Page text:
Jeti Orguz - Day 24
Updated: Jun 11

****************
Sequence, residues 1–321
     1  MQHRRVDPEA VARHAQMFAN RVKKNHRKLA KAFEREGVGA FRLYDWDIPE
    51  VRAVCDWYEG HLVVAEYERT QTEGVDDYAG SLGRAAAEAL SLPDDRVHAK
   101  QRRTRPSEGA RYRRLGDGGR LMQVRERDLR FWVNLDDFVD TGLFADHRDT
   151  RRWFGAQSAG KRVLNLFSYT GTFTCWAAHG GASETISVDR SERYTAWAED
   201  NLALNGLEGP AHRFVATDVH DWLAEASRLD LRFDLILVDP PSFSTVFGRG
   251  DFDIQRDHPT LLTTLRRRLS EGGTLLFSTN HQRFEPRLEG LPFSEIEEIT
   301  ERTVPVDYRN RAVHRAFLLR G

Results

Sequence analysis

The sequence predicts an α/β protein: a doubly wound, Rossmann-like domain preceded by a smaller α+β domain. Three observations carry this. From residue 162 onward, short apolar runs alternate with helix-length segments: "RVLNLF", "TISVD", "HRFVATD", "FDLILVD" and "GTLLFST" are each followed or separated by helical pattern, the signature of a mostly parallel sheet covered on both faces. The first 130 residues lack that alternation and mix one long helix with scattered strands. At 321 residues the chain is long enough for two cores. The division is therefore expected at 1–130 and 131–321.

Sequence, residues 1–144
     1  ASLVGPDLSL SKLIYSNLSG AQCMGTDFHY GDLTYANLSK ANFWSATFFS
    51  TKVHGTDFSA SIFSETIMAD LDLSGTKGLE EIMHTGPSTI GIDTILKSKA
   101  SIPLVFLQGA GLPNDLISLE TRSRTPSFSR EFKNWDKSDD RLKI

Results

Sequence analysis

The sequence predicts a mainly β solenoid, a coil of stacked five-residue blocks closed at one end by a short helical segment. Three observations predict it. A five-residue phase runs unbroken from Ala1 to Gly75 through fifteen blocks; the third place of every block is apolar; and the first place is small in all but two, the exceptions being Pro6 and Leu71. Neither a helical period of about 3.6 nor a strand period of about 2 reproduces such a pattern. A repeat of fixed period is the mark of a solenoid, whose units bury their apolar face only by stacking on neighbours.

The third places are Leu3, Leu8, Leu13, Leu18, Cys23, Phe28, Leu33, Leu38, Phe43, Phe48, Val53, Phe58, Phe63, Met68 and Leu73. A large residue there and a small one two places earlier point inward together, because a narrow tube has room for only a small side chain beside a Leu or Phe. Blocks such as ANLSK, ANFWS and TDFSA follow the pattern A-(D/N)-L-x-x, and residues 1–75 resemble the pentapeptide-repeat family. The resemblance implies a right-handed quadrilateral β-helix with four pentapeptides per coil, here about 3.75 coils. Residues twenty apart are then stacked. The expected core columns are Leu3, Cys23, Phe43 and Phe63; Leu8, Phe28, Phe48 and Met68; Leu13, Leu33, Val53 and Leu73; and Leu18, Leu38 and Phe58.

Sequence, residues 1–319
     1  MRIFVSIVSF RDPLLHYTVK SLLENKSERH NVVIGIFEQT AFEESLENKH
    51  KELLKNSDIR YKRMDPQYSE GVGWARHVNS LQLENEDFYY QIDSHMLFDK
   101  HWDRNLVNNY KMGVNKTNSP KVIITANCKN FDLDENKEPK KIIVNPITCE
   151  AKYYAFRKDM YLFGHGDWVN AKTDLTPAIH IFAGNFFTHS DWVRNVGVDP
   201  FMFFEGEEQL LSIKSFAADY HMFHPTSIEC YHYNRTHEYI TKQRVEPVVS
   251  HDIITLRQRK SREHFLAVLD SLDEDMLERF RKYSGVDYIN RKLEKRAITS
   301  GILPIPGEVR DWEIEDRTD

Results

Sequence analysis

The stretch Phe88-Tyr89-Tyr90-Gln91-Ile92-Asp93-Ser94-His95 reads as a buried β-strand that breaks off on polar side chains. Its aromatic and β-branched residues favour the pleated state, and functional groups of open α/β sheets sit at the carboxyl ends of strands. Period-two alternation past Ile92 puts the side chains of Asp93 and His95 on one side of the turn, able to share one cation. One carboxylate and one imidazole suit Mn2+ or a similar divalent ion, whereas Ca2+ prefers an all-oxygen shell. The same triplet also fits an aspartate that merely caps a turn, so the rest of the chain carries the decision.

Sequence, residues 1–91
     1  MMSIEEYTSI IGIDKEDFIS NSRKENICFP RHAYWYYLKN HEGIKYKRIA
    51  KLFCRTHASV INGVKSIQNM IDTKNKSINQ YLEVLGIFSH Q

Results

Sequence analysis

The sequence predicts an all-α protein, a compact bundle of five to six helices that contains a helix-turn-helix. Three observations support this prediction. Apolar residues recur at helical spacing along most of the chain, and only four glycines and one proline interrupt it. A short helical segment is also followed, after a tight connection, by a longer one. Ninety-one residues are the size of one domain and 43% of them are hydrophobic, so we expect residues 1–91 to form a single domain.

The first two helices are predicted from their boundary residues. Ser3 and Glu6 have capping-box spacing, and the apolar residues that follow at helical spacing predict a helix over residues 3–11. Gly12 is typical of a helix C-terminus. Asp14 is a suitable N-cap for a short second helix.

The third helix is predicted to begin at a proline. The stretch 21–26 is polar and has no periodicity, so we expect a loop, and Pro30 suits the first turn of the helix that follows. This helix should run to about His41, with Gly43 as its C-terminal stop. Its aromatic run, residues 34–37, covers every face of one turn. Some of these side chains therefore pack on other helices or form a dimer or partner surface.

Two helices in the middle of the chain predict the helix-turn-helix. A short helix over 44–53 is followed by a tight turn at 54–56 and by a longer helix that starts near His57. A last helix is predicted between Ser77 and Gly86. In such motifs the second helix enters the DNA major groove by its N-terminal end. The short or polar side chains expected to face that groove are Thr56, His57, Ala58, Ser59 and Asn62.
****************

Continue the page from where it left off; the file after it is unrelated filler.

Neil lied. We aren’t cooking in the snow. We’re in a beautiful upland valley and staying in yurts. Spruce trees surround our glade and a mountain stream rushes through it. To add to our enjoyment, horses roam free with their foals. The weather has been changeable. Originally we were meant to spend two days here in Jeti Orguz, but rain had turned the road into impenetrable mud. It’s a gnarly road at the best of times and we must have bounced and bumped along it for an hour before we reached our camp. There were camps lower down the mountain, but Neil has assured us that it was much too ‘touristy’ down there. We, of course being travellers, not tourists. Earlier in the day we went to the ‘Fairy Canyon’. One of the most startling things about Kyrgyzstan is the variety of scenery – arid hills and valleys give way to fertile fields. The ‘Fairy Canyon’ is a sandstone gulch in which the various rock formations combine vividly different shades of ochre. It is dramatic and beautiful. Those of our group who’d travelled in the USA compared it to Arizona or some of the other dry states. Then we drove up an adjacent valley where, for once, the road was smoothly graded and a pleasure to travel on. It transpires that a Canadian operated gold-mine operates at the far reaches of the valley and keeps the road pristine. This is Kyrgyzstan’s main source of national revenue. We stopped some kilometres up the valley. Rather abruptly the terrain had changed from the somewhat arid lakeside landscape to steep, spruce covered mountains with lovely green glades between them. We parked by a bust of Yuri Gargarin who visited here after his space exploits. Not only is there a bust, but his face is carved into a large rock. A rather sadder tale of this valley ( and some of the neighbouring ones), relates to 1916. At this time Kyrgyzstan was ruled by Russia. The time of course us just before the Russian revolution. Russian troops fell out with Kyrgyzstani tribes and other ethnic groups and proceeded onto a course of genocide. The Kyrgi’s fled up these valleys which lead eventually into the high Tien Shien mountain ranges that run from here to China. Russian troops would stalk the valleys, finding yurts, offering children sweets to tempt them out, and then murdering them, raping the women and killing the men. Those that managed to make it deep into the mountains were foiled by the bitter winter snow that blocked the passes. Some made it to China, who didn’t want to receive them. Most died of cold, or were murdered on the mountains. Estimates put the destruction in the hundreds of thousands, but in truth, no one will ever know how many met their death. They are remembered each year in a day of mourning. Many attempts have been made to find their bones and bury them appropriately, but it is recognised that the high ranges will hold many for ever. Our group is responsible for cooking tonight. My first contribution to this has been to put a knife into my hand. I’d been intending to slice red peppers. Instead I sliced myself. The cut is deep, but just missed the tendon – although I could see it. Neil dressed it, gave me a blue rubber glove to wear over the wound, and it was game on. One of our group has done this job before so I’m just following orders. We’d provisioned earlier at a market, so we had everything we needed for the Butter Chicken and Chilli con Carne (or Chilli con Vegetables, as this was the vegetarian option). It seems a pity that we can’t stay in this lovely spot for longer than one night, but tomorrow we have to move on.